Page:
Those are different types of photography, but very likely what most other posters will suggest, is that you just buy the Canon 100L, and forget ever even trying Sigma lenses.

I don't rule anything out and Sigma will be welcome in my Camera bag in the near future.

Well, that is good, glad I could help...I've not seen your posts before today, so I welcome you to the forum!

According to Sigma's own official history, they started to produce their first lenses in 1961 but didn't produce their first SLR until 1976.

http://www.sigmauser.co.uk/index.php?option=com_content&view=article&id=51&Itemid=67
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Don Haines

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Re: Philosophical question about Sigma Lenses - Why?
« Reply #40 on: April 05, 2014, 10:44:58 AM »
As for my question about what’s the Sigma lens to have, you’re right that it’s an invalid question since it’s not specific enough… too general of a question. In the immediate future I need to do macro photography, closes ups of specific objects for graphic design projects like catalogs. What I really want to do is to astro-photography.

Sigma (and Tamron) are companies in transition. For a long time (with a few exceptions) both have been known for fairly poor quality optics but at a great price.. Recently, both have been coming out with good to great optics at a good price.... The Sigma ART lenses and the Tamron 150-600 shocked everyone. For wide skies astronomy, I would be very tempted with the 35F1.4... It is supposed to be a great lens, although I have not heard anything about it from the astronomy crowd..

If you do decide to go into astrophotography, look at tracking mounts.... they will do more to help you than and camera or lens will...
The best camera is the one in your hands

EricFiskCGD

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Re: Philosophical question about Sigma Lenses - Why?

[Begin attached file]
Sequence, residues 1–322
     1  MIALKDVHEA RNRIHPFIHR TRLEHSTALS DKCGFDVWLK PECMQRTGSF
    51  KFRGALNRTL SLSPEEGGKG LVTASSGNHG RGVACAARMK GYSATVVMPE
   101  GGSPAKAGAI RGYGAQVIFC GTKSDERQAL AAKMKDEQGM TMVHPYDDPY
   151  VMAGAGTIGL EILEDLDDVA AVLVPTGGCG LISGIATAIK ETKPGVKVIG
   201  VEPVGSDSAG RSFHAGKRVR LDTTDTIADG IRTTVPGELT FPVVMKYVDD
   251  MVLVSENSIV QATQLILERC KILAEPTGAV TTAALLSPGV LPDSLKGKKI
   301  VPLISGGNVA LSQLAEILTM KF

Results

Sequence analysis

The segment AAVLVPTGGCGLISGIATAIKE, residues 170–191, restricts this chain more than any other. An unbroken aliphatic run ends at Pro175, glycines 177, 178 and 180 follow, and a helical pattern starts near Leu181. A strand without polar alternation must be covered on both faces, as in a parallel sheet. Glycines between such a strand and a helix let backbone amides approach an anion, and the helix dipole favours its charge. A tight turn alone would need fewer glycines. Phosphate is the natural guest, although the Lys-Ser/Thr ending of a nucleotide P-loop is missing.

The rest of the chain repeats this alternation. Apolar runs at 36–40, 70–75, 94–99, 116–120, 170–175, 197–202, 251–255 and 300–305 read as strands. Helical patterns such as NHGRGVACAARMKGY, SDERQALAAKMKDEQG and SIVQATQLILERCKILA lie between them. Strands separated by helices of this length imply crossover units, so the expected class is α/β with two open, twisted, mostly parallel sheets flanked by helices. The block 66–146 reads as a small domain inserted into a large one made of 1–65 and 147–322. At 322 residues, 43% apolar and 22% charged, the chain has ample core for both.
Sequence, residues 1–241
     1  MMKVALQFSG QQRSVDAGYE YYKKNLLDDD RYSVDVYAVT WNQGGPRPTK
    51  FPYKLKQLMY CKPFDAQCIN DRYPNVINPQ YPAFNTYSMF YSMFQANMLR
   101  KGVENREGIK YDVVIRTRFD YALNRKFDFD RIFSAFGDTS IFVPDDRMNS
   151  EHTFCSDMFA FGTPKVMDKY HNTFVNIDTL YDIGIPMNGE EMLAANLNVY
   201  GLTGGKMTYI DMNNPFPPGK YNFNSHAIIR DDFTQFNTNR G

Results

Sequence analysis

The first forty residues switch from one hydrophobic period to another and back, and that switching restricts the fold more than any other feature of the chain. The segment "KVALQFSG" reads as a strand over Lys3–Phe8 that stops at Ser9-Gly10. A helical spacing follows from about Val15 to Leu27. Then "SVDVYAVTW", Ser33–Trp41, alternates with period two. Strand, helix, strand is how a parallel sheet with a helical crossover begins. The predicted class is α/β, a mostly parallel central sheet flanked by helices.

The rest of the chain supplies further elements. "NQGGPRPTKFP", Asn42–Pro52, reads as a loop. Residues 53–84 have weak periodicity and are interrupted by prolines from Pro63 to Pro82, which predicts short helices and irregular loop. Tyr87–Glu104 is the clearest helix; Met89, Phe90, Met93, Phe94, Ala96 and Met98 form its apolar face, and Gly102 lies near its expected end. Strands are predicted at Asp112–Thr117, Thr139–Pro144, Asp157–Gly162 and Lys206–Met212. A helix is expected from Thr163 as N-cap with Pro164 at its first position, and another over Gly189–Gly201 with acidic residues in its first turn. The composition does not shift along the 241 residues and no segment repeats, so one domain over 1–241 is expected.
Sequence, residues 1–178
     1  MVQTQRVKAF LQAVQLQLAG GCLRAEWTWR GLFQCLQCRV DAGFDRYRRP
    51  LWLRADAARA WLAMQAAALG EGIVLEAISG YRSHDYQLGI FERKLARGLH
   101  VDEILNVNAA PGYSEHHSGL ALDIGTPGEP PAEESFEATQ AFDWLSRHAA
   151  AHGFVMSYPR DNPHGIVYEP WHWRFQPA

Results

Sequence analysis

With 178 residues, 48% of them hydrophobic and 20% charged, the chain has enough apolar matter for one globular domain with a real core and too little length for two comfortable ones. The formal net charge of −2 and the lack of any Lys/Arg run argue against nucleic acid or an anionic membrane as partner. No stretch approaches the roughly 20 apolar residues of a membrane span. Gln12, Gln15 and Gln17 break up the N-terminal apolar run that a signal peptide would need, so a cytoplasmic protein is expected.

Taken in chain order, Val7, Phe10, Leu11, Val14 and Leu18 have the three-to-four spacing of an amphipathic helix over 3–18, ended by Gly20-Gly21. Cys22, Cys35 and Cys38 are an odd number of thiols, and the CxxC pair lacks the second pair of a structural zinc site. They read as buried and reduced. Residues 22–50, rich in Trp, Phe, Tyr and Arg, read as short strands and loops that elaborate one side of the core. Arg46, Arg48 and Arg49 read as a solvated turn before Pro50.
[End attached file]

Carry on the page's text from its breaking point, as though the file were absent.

« Reply #41 on: April 05, 2014, 11:15:52 AM »

According to Sigma's own official history, they started to produce their first lenses in 1961 but didn't produce their first SLR until 1976.

http://www.sigmauser.co.uk/index.php?option=com_content&view=article&id=51&Itemid=67

Wonderful link, Thanks, Alan!


Sigma (and Tamron) are companies in transition. For a long time (with a few exceptions) both have been known for fairly poor quality optics but at a great price.. Recently, both have been coming out with good to great optics at a good price.... The Sigma ART lenses and the Tamron 150-600 shocked everyone. For wide skies astronomy, I would be very tempted with the 35F1.4... It is supposed to be a great lens, although I have not heard anything about it from the astronomy crowd..

Again, more great lenses to put on my Amazon wish-list.

Quote
If you do decide to go into astrophotography, look at tracking mounts.... they will do more to help you than and camera or lens will...

There's a thread here that I've been following that's more of an education on the topic that I hope to join in after I get some deep sky images under my belt.
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Re: Philosophical question about Sigma Lenses - Why?
« Reply #41 on: April 05, 2014, 11:15:52 AM »